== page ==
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14th c

LHMP entry

In the chansons de geste, women might don male garb for a variety of reasons, especially for safety, but also to be able to participate in masculine activities or join male groups. There is a repeating motif of the woman who disguises herself as a knight and succeeds in winning great renown in that guise. A common twist then has her dealing with the amorous or matrimonial desires of another woman, as in the story of Yde and Olive.

Chapter 1 (Introduction)

A discussion of terminology, some of the cross-cultural problems of defining the topic of the book, and a statement of intent.

Chapter 2 (In the Beginning: 40,000-1200 BCE)

This article provides a brief historic survey of evidence regarding love between women in Islamic societies. Classical treatises on sexual transgression discuss tribadism (sahq) from a male perspective. There are occasional comparisons to male homosexuality, but in general the two are considered distinct, except generally as vices. Popular imagination, (especially in western accounts) considered lesbianism common in harems.

The article begins with a 16th century Spanish literary interchange between two women -- ostensibly a matchmaker and her client, but one rife with same-sex expressions of desire and moving into erotic play. After a standard review of a cultural/legal context where concern over male homosexuality did not extend to a similar concern about women unless a direct challenge to male prerogatives was involved, the article examines evidence from the life and memoirs of Leonor López de Córdoba, covering the late 14th and early 15th centuries.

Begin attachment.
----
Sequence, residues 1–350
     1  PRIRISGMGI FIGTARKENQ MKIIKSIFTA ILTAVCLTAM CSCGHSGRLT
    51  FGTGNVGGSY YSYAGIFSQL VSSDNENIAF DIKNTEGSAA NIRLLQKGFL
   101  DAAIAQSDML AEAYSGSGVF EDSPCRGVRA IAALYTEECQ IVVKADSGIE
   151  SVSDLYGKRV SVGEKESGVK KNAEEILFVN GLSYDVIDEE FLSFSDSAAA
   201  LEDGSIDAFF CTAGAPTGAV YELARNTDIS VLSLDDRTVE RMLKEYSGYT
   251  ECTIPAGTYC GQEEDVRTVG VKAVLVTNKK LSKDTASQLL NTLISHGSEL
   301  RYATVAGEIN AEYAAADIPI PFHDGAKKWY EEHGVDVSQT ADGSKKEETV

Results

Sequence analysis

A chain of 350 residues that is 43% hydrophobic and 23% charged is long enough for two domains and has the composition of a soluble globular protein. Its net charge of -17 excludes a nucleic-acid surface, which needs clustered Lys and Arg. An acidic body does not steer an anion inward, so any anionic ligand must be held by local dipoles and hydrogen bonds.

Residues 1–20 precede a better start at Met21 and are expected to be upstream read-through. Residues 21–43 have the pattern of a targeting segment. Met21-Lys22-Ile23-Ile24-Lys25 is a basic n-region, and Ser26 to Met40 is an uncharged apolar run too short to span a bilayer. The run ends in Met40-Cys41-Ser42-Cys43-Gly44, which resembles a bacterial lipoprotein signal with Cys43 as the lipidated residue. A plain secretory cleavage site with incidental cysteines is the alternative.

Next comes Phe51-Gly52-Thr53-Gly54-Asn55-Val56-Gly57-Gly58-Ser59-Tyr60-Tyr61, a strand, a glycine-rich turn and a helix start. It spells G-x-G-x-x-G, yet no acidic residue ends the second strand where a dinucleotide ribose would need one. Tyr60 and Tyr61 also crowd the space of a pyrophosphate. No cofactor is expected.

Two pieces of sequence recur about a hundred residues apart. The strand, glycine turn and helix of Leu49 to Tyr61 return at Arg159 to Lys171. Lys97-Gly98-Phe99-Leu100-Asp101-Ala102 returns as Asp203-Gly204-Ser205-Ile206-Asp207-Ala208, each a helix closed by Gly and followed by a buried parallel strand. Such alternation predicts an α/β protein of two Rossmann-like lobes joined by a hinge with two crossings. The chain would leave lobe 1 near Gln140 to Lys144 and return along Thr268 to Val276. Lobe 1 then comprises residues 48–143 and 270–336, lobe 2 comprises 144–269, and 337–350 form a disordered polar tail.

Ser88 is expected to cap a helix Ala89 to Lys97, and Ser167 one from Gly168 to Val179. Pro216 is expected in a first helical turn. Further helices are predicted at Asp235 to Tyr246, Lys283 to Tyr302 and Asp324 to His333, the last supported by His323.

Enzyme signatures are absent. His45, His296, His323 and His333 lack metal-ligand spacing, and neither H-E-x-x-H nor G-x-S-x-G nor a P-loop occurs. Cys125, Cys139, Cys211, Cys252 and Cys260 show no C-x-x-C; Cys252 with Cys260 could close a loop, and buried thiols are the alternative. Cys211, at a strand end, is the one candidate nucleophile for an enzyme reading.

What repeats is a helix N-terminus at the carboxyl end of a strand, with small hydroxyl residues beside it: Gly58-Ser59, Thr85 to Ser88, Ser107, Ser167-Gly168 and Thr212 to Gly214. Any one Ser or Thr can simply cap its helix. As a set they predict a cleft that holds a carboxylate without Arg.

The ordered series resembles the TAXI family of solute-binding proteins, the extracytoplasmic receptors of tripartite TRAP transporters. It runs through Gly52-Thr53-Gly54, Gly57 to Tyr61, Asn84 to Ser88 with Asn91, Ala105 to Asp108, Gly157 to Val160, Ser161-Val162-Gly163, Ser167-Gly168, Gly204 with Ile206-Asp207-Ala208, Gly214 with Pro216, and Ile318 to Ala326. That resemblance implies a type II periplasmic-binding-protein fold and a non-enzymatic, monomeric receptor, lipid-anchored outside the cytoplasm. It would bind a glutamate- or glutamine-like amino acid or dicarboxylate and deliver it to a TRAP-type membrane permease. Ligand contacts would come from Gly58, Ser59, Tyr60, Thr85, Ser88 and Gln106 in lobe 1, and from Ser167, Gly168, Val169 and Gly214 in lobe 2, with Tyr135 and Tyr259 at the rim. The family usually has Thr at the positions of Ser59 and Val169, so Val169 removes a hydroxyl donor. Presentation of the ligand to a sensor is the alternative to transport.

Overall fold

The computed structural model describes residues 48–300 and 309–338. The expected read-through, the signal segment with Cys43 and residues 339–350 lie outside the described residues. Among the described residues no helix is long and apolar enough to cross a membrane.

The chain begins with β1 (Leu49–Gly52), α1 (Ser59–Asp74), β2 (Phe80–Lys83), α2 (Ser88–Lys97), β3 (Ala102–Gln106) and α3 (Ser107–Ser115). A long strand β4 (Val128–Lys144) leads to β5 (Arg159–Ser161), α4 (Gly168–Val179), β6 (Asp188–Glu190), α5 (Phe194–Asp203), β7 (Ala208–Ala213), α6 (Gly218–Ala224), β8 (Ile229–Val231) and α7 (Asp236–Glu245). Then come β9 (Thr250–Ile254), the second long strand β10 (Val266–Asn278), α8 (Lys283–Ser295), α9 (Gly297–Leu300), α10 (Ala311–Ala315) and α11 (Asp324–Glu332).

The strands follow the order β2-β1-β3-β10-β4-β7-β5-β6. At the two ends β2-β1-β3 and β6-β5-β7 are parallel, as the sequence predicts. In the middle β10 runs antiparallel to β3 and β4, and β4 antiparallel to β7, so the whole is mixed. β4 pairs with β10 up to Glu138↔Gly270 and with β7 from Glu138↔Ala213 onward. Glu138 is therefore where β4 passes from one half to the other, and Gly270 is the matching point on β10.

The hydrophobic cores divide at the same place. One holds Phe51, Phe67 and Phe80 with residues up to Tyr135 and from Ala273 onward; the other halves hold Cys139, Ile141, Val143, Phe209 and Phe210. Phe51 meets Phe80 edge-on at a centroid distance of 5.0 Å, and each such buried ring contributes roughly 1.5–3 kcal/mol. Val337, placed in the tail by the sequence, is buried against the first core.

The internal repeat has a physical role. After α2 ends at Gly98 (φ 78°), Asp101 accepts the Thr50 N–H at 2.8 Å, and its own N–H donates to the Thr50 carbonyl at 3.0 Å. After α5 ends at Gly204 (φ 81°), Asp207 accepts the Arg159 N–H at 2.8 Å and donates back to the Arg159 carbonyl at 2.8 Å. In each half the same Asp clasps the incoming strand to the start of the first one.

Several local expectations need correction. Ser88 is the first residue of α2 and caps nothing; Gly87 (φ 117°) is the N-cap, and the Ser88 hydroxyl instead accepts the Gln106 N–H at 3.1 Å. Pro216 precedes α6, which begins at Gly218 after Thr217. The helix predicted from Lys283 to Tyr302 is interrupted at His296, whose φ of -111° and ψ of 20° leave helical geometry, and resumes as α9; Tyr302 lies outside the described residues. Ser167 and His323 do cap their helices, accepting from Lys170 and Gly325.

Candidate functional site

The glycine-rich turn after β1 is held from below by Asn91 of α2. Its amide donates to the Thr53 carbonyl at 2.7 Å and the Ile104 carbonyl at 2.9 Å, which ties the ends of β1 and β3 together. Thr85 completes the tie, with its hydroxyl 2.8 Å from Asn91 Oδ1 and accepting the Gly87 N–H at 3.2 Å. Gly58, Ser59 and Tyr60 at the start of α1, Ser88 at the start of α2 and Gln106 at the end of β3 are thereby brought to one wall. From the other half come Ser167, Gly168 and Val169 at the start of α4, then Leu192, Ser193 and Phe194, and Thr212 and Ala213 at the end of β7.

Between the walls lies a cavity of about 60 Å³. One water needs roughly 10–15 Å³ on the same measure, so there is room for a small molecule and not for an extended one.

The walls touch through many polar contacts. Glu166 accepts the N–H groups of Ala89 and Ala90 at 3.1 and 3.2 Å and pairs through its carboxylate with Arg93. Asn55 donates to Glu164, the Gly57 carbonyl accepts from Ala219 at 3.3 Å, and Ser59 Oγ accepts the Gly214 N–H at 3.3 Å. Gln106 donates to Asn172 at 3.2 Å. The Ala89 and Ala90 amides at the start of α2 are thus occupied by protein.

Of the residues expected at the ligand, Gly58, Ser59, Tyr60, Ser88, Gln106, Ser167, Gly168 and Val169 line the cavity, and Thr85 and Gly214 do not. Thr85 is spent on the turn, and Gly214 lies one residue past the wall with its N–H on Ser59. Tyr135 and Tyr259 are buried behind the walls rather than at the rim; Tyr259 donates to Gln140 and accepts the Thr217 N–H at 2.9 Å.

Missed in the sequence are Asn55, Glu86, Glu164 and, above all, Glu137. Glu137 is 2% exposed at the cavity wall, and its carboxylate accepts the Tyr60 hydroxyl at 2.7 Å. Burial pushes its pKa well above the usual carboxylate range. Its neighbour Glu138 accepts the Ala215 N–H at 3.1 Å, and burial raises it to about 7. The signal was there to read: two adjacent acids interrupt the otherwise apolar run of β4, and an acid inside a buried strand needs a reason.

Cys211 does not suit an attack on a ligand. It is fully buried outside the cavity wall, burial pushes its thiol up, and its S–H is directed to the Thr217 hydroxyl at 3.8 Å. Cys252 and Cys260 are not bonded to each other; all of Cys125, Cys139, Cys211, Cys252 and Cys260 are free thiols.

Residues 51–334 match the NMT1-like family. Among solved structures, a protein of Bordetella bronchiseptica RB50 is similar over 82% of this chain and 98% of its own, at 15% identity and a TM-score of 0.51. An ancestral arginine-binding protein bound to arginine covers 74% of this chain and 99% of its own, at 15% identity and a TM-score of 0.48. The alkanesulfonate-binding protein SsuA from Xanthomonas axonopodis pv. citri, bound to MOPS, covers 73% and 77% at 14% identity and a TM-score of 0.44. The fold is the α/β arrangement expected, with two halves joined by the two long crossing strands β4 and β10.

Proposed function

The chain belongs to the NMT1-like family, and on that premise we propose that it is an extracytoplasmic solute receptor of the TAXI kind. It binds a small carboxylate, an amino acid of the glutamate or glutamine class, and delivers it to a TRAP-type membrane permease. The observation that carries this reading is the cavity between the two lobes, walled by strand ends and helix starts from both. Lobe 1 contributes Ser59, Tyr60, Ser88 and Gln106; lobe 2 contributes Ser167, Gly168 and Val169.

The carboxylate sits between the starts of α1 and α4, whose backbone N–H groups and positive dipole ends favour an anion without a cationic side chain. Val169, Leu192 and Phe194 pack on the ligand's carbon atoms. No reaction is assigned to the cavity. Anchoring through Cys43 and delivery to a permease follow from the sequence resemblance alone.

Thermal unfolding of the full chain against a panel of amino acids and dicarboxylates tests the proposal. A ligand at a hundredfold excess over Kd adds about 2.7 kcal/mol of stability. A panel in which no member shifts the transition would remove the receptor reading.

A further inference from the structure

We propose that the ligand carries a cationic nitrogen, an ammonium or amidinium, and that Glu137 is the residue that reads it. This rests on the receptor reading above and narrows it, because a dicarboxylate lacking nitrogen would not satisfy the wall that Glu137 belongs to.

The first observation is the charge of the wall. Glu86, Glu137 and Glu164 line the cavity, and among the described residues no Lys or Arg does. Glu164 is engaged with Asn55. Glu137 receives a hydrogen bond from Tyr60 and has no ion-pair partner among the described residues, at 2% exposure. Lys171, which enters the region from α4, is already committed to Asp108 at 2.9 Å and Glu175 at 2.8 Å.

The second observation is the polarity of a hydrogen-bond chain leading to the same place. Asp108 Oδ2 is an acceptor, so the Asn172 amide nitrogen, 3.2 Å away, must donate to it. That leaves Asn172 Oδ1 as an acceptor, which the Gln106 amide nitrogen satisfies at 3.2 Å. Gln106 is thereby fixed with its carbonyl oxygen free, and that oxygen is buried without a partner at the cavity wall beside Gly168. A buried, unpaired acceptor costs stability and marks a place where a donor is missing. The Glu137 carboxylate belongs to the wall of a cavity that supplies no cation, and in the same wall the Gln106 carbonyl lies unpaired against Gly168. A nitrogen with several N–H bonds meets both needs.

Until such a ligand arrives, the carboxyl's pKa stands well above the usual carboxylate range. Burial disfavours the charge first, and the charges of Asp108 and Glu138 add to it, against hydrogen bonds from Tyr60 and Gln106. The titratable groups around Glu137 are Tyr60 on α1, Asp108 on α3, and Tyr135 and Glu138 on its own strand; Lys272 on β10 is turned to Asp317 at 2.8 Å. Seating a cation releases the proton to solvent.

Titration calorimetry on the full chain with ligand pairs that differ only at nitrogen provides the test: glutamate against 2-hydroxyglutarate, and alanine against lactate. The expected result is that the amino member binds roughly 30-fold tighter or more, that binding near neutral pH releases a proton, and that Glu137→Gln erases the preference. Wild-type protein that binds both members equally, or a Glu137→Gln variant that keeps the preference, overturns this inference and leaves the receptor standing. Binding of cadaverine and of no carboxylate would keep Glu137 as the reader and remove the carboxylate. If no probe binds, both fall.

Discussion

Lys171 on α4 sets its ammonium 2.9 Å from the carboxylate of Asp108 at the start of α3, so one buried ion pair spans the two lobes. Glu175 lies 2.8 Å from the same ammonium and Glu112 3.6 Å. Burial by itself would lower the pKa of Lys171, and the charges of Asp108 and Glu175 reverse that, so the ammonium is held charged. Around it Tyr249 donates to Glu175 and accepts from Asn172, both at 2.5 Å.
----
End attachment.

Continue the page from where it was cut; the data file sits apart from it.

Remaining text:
Part II: The history and representation of female homosexuality in the Middle Ages

Chapter 3: An overview of Medieval literature concerning female homosexuality

In the context of an increased interest in the cultural role of theatrical cross-dressing in the Renaissance through modern times, these authors extend the analysis backward to look at similar themes in medieval theater.

Chapter 6: The L-Word in Women’s History

This book as a whole is a “state of the field” analysis of women’s history as an academic discipline, and especially of women’s history (indeed, history in general) covering eras before the 19th century. This summary will cover only the chapter specifically on lesbian history.

This is a complex, data-heavy survey of sources for the demographics of singlewomen, the overall (very complex) patterns that emerge, and an analys of the theoretical frameworks that attempt to explain those patterns. For my summary, I’ve rearranged the topics to try to focus on single variables at a time.

Medieval English practice allowed for a fair amount of variability in how a specific person was named in a legal document. Surnames were not fixed and the popularity of certain given names, occupations, and descriptive nicknames meant that the clear distinction of individuals could be difficult. The Statute of Additions instituted in 1413 attempted to address the problem of clear and distinct identification by suggesting specific types of additional personal designations for use.

Introductory chapter to a collection of papers on the topic described in the title. The collection in general addresses the question of women living outside the “nuclear family”, and especially looks at systems and categories rather than treating singlewomen as isolated anomalies.

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